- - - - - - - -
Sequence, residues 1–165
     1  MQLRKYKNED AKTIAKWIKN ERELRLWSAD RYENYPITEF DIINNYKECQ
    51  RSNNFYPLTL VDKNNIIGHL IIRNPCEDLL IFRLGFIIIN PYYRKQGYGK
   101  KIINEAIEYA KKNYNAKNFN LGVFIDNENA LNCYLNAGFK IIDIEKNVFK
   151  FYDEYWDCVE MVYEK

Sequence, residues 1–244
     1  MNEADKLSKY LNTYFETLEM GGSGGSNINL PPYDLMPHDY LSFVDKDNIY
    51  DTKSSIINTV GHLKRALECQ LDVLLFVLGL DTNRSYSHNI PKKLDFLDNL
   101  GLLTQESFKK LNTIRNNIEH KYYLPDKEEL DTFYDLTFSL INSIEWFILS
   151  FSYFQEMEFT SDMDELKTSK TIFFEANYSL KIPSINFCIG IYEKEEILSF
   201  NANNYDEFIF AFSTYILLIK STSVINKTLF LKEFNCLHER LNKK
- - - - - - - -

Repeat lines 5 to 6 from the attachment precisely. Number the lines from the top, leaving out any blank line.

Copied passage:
   151  FYDEYWDCVE MVYEK

Sequence, residues 1–244